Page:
The literal interpretation given by people like Tim LaHaye has all-too-often been used to keep people in line. Do the right thing (as we, your social superiors interpret it), or you won’t get caught up by Jesus on the last day. This is a completely vertical cosmology. To cite Bob Marley, “most people think great God will come from the sky, take away everything and make everybody feel high.”
But while Paul promises that this vertical relationship with God will work out in the Thessalonians’ favor, he ultimately roots his word of comfort in the horizontal relationship with Jesus in community. Before his appearance on the last day, Jesus comes into the world again in how the Christian community lives and acts, exactly why so many of us are disgusted by Moore’s religious defenders.
It’s not an accident, then, that Paul concludes this passage with instructions for the church to comfort one another. Nor is it accidental that he concludes the letter with this exhortation:
Therefore encourage one another and build up each other, as indeed you are doing. But we appeal to you, brothers and sisters, to respect those who labor among you, and have charge of you in the Lord and admonish you; esteem them very highly in love because of their work. Be at peace among yourselves. And we urge you, beloved, to admonish the idlers, encourage the faint hearted, help the weak, be patient with all of them. See that none of you repays evil for evil, but always seek to do good to one another and to all. Rejoice always, pray without ceasing, give thanks in all circumstances; for this is the will of God in Christ Jesus for you.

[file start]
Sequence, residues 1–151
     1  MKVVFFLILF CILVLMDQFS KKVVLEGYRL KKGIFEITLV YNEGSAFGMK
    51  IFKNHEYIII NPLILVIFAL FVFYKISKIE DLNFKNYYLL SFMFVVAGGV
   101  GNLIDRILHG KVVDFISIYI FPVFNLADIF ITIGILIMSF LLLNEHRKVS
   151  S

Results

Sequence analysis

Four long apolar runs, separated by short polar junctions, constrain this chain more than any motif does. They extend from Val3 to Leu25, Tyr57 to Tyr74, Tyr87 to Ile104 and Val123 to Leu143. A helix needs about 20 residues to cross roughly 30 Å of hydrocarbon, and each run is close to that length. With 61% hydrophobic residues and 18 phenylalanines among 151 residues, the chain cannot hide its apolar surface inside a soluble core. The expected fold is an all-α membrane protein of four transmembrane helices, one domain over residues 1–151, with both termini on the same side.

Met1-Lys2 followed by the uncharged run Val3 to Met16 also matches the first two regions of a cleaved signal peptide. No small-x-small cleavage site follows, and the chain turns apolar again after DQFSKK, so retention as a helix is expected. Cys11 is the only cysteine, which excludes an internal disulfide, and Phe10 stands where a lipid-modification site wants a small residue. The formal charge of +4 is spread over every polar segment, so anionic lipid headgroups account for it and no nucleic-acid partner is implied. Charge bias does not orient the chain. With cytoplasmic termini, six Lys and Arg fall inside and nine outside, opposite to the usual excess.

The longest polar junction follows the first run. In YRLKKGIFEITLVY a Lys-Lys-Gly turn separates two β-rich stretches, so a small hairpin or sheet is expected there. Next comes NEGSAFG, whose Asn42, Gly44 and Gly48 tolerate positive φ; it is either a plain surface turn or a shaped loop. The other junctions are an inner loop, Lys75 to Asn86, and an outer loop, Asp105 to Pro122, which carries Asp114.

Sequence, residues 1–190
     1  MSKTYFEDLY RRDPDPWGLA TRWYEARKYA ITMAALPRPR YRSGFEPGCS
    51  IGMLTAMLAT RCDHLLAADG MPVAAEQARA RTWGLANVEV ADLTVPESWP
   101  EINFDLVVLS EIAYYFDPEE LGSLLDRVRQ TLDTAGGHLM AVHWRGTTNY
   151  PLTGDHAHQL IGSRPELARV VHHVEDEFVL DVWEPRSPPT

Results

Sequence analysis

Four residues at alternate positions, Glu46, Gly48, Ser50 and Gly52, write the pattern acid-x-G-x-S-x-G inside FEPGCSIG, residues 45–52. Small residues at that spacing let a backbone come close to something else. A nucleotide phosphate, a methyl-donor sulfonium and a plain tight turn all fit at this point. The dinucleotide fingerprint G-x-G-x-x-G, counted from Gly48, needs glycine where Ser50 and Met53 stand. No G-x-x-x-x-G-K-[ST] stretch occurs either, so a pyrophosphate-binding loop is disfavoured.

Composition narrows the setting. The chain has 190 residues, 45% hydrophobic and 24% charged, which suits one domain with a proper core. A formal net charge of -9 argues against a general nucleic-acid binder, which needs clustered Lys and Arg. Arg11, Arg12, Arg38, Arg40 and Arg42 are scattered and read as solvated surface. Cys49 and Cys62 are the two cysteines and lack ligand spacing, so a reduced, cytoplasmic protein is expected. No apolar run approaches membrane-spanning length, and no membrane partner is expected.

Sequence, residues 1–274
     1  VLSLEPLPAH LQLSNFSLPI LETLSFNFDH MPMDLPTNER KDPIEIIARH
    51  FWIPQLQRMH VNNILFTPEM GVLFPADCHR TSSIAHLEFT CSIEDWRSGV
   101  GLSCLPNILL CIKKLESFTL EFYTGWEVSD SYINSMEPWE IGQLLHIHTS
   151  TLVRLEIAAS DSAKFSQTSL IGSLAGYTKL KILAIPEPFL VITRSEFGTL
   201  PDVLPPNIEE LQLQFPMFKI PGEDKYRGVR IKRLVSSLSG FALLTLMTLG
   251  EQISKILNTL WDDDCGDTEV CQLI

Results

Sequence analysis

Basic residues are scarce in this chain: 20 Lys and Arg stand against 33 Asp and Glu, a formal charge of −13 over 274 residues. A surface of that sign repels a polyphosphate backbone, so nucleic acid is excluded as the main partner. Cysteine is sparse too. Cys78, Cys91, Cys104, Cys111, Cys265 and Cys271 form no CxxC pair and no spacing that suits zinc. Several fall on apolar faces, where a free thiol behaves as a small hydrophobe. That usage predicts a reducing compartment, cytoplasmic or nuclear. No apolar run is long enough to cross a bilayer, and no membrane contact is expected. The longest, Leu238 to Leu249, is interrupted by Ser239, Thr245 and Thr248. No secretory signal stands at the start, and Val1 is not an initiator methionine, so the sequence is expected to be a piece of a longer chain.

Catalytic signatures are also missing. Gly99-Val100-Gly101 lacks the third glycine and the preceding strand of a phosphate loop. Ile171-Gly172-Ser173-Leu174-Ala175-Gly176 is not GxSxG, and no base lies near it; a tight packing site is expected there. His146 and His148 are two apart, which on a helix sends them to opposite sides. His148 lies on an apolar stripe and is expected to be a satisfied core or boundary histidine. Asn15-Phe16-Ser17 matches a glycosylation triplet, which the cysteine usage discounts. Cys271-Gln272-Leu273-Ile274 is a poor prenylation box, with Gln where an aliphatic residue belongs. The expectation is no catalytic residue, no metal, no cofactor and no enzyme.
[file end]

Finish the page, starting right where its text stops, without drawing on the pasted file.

While Christians wait for Jesus’ final return, our business is to be making Jesus real in the world, to anticipate his coming in our lives and our bodies. Much of that work is to extend the horizon of Jesus, to gather as many into the loving arms of the body of Christ so they too can be caught up in him when he comes. Paul says, “Then we who are alive, who are left, will be caught up in the clouds.” There’s no qualifiers there. To paraphrase one of my commentaries, anyone who desires to be with God will be with God—is already with God. The job of the church is to recognize that truth and to give it as much substance as we can.
This, finally, is where those harmed by sexual abuse come in. There is no shame, there is no violation, there is no assault or diminishment, that can prevent God from loving you. Jesus came into the world to reconcile it: to put relationships right with justice and equity, and to draw all people to God. If it doesn’t matter if you’re living or dead, it certainly doesn’t matter if you’ve been harassed, or molested, or manipulated, or raped. God believes you. God sees you in ultimate dignity and worth. God loves you and wants to draw near to you in love and comfort. You too will have life. You too will have love. You too will be blessed, redeemed and made whole on the last day when the trumpet blows and the archangel calls.